• [0045]
    When following the process path 805, a process block 820 will commence execution following step 803. The process block 820 of FIG. 8 commences with the step 821, whereupon the local interpolation module (e.g., the interpolation 140 of FIGS. 1 and 2) interpolates the two captured images (e.g., the images 123 and 133 of FIGS. 1 and 2) to synthesizes a synthetic image (e.g., the synthetic image 142). Step 822 follows step 221. During execution of step 821, the local interpolation module transmits the synthetic image via the communication channel 150 of FIG. 1 to the second terminal (e.g., the terminal 202 of FIG. 2). At this juncture, execution of the process block 820 ends and subsequent processing of the synthetic image begins at a remote terminal. For this reason, the process steps executed subsequently to the steps in process block 820 lie below the line 807.
  • [0046]
    The telepresence process 800 includes a process block 830 executed by each of the input signal processing input signal processing modules 160 and 260 at each of the terminals 100 and 201, respectively, to perform face detection and centering on the incoming image of the remote participant. Upon receipt of a synthetic image representing the remote video conference participant, the input signal processing module first locates the face of that participant during step 831 in the process block 830. Next, step 832 of FIG. 8 undergoes execution, whereupon the input signal processing module determines whether the face detection previously made during step 831 occurred with sufficient confidence. If so, step 833 undergoes execution to indentify the top of the remote participant's head (i.e., the location of the row 504 in FIG. 4) as well as to establish the bounding box formed by the rows 504 and 504 and the edges 506 and 507.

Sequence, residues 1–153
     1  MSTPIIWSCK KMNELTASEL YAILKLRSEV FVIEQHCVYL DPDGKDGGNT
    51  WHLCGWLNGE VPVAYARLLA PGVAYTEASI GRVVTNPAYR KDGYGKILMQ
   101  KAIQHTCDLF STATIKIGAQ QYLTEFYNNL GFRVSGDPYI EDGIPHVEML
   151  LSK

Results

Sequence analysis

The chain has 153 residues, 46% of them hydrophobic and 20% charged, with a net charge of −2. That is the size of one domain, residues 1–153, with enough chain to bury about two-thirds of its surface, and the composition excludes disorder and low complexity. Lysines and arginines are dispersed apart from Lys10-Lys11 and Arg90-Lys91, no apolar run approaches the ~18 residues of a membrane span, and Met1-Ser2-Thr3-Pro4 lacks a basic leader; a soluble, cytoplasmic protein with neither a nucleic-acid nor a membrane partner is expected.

• [0047]